[…]The predominant radio chatter was from Los Angeles Center, far below us, controlling daily traffic in their sector. While they had us on their scope (albeit briefly), we were in uncontrolled airspace and normally would not talk to them unless we needed to descend into their airspace. We listened as the shaky voice of a lone Cessna pilot who asked Center for a read-out of his ground speed. Center replied: “November Charlie 175, I’m showing you at ninety knots on the ground.” Continue reading ‘King of Speed’


Keeping it Classy in Arizona

Eric Fuller, one of the Tuscon shooting victims and a former Democratic campaign worker who famously laid the blame for the massacre squarely on Sarah Palin and Glenn Beck, has been arrested… for making death threats. Against politicians:

The theme of the event was “An American Conversation Continued” —  the idea being to continue the conversation that a madman’s brutal rampage had interrupted.  So it was inevitable that the conversation would eventually turn to politics.   It did, toward the end, with Amanpour leading a discussion on a very touchy but obvious topic:  gun control.

That’s where the atmosphere turned tense.   When Tucson Tea Party founder Trent Humphries rose to suggest that any conversation about gun control should be put off until after the funerals for all the victims, witnesses say Fuller became agitated.  Two told KGUN9 News that finally, Fuller took a picture of Humphries, and said, “You’re dead.”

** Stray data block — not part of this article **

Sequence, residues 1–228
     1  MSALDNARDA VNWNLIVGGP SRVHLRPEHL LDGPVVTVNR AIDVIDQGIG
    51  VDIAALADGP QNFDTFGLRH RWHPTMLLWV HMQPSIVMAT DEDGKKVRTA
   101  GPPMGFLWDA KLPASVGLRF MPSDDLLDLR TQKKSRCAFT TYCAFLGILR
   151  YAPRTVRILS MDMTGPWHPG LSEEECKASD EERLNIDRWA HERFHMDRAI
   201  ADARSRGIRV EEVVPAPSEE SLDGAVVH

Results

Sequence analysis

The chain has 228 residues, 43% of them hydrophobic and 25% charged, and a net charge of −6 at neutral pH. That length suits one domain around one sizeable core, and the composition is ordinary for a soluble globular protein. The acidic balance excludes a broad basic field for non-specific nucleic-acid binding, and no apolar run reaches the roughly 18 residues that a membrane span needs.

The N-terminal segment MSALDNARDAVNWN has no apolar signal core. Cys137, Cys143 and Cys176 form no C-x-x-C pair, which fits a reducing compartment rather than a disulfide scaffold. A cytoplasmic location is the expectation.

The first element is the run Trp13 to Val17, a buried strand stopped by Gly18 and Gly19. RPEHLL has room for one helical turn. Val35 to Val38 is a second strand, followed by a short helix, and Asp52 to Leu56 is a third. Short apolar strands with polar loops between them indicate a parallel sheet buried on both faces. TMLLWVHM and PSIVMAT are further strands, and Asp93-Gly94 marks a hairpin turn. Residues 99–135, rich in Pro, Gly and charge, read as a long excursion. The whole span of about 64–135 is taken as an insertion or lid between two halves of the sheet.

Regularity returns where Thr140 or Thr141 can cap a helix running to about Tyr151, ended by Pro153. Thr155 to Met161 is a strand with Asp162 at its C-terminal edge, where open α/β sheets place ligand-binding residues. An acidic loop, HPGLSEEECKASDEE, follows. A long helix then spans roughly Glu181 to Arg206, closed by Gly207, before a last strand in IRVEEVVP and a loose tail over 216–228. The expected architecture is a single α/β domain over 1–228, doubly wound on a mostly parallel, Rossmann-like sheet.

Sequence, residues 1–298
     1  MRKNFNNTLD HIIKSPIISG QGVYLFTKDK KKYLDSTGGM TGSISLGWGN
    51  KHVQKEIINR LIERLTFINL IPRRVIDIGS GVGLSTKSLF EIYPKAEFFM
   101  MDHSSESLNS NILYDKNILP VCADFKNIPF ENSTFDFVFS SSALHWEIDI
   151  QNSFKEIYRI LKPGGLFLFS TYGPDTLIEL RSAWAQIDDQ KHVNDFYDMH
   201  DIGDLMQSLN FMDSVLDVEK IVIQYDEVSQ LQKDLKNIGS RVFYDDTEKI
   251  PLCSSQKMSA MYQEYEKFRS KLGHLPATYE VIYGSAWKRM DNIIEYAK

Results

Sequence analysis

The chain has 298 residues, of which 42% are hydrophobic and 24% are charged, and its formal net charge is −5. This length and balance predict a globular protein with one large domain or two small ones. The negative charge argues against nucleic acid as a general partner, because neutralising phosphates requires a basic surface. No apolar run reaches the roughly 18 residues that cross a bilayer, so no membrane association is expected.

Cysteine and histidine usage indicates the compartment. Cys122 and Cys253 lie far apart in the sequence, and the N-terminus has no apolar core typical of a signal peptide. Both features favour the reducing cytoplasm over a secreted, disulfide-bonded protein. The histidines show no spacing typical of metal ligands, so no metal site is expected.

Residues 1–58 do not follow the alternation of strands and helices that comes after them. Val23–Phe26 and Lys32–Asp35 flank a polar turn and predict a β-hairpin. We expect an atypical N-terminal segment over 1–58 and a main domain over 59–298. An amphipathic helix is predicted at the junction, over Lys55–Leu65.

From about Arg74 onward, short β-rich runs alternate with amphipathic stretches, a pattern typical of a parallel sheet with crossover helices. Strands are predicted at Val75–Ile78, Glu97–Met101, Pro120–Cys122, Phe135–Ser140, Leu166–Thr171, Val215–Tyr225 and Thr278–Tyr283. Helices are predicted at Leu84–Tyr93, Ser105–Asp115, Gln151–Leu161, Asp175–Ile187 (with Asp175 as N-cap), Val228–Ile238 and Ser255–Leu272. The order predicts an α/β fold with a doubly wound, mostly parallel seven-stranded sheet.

When State Rep. Terri Proud (R-Tucson) rose to explain and clarify current and proposed gun legislation in the state, several people groaned or booed her.  One of those booing, according to several witnesses, was Fuller.   Witnesses sitting near Fuller told KGUN9 News that Fuller was making them feel very uncomfortable.

The event wrapped up a short time later.  Deputies then escorted Fuller from the room.  As he was being led off, Fuller shouted loudly to the room at large.  Several witnesses said that what they thought they heard him shout was, “You’re all whores!”

No word yet on whether Sarah Palin made him do it.*


* In my opinion, no one should be pressing charges against this goofball. It’s obvious that being shot wounded him more than physically, and he’s probably going through a great deal of psychological and emotional trauma right now. Good thing for him that “the rights-based hyper-individualism of our laws governing mental illness” will probably protect him from being involuntarily committed to a mental health facility to ensure the “security of our community and the functioning of our democracy,” as some statist types would have it in the wake of the massacre in Tuscon.

Remember how, after Congress passed the Patriot Act, all the “speak truth to power” types would piously intone the mantra, copped from Benjamin Franklin: They who can give up essential liberty to obtain a little temporary safety, deserve neither liberty nor safety.

Yeah. What happened to that kind of thinking, guys? Because it made a lot of sense after the Patriot Act, and it sure as hell makes a lot of sense now.


Also, this is kind of funny. Image!